New Consumer Index Tracks Socially Conscious Spending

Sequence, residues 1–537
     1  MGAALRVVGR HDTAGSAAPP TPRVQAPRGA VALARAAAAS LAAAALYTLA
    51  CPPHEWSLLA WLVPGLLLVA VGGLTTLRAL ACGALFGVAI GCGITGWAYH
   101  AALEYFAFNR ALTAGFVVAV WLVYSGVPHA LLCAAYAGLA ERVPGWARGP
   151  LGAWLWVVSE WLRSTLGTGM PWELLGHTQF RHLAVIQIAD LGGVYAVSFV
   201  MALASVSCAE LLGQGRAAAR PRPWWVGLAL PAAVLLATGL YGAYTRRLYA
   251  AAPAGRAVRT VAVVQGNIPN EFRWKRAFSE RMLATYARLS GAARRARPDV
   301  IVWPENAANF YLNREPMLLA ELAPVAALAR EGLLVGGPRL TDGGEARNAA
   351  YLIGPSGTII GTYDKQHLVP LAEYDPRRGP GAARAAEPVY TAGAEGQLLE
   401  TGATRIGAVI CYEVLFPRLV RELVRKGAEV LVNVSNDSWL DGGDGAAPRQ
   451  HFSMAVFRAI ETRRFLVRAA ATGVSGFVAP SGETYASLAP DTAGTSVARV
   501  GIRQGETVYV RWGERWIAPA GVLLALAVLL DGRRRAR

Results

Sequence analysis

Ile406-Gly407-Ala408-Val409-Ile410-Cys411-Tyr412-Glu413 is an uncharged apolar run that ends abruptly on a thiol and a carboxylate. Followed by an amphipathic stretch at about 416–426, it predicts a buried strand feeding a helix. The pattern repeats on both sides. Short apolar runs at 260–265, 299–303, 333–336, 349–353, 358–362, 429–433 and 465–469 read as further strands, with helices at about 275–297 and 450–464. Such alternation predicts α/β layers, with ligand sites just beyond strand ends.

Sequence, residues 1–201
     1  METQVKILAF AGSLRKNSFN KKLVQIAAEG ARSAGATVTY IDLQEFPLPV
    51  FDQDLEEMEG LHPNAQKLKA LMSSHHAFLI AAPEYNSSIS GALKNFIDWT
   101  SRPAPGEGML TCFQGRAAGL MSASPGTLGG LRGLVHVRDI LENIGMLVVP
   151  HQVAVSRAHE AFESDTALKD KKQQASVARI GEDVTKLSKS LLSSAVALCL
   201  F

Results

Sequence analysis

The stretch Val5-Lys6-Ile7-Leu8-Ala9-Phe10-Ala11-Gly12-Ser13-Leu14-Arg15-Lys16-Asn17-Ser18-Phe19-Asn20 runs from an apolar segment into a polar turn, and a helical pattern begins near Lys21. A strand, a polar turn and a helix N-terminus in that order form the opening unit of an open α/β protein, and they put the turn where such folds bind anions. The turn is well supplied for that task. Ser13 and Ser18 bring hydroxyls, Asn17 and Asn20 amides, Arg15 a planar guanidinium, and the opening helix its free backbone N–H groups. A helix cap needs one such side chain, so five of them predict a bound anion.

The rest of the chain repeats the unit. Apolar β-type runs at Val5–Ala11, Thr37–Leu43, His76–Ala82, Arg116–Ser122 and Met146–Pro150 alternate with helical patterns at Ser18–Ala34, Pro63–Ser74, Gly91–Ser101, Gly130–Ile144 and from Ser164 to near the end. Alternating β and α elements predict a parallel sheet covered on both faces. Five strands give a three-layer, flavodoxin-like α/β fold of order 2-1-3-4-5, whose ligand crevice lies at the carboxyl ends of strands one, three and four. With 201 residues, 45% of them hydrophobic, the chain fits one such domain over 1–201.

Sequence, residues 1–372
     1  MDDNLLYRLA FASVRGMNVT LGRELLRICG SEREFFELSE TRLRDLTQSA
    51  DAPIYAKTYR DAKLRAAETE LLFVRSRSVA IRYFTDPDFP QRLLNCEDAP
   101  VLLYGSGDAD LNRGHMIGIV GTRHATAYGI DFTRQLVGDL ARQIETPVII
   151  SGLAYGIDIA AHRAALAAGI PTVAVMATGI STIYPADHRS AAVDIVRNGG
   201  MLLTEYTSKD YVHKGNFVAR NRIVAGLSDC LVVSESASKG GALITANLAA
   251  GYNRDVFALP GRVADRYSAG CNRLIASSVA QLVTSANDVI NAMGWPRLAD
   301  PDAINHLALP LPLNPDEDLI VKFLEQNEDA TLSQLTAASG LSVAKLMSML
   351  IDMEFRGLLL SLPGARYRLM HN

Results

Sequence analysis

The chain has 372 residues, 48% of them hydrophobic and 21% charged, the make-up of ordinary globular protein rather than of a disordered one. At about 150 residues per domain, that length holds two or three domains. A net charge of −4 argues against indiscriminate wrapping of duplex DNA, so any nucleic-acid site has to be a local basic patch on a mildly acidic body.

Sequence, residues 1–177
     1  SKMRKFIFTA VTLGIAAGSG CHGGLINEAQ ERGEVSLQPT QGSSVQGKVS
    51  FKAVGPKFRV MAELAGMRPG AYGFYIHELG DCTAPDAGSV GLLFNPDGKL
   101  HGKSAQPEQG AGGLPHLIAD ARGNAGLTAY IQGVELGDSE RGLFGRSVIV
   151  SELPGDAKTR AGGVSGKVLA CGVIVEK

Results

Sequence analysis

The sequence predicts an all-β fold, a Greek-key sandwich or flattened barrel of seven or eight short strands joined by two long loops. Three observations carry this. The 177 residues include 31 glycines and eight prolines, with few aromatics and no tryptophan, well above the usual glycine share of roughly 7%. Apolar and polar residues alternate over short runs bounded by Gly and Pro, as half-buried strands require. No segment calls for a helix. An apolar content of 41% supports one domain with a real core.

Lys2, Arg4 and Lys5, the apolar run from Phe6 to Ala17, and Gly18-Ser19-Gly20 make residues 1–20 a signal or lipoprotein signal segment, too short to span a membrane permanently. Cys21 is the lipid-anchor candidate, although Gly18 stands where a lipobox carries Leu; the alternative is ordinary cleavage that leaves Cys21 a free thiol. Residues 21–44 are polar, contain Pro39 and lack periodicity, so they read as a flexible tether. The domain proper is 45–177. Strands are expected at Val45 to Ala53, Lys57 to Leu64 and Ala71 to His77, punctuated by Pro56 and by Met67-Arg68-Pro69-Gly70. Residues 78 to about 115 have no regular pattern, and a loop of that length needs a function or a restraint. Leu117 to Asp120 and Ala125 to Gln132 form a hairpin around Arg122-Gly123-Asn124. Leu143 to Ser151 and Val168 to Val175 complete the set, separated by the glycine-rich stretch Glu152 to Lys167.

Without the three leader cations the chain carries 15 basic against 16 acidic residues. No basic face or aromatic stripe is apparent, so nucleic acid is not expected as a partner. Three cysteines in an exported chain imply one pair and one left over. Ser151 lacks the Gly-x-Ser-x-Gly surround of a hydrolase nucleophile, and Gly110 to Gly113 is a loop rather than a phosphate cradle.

As consumers become more socially conscious and committed to safety, responsibility and sustainability, it only makes sense to track their investment in safe, compliant and responsible companies. As revealed in the State Of Social Responsibility Survey, consumers are becoming more serious about using their spending power to drive positive change. Case in point? Nearly 30 percent of consumers said that they plan to increase their amount of purchases from socially responsible companies in 2013. Compare that to 18 percent of customers who reported buying more from socially conscious companies in 2012. The study also created a baseline score, the Conscious Consumer Spending Index (#CCSIndex), which can be used to identify future trends. The #CCSIndex score is calculated by evaluating the importance consumers place on purchasing from socially responsible companies, actions taken to support such products and services, and future intent to increase the amount they spend with responsible organizations. Although the initial score of 65 out of 100 doesn’t have much meaning on its own, it does provide a benchmark with which to measure future progress. An increasing amount of research speaks to the relatively rapid growth of the socially conscious consumer. Here are some additional findings from Good.Must.Grow’s survey: A majority of respondents reported being ‘green’, reducing consumption, supporting non-profits and buying responsibly as being very or somewhat important. When asked about charitable giving, 21% of consumers said they gave more to charities in 2012 when compared to the previous year. Female consumers in the 25-34 age group were much more likely to be engaged in socially responsible shopping than males ages 45 to 54. C’mon, guys—step up to the plate! Despite an increase in socially responsible shopping, consumers still love a good deal. More than 50% of respondents expressed a preference for a ‘Buy One, Get One’ as opposed to a paltry 15% for a ‘Buy One, Give One’ deal. Individuals see themselves as playing a critical role in driving positive change. Local and federal government ranked last in this area. Consumers rate how a company treats its employees and how its operations impact the environment most highly when gauging social responsibility. Consumers have a healthy skepticism about companies’ ‘social’ claims and may not always take them at face value. The lesson there? Don’t make empty promises—fulfill the claims you deliver and you’ll be more likely to win customer trust and loyalty. We’re excited for next year’s...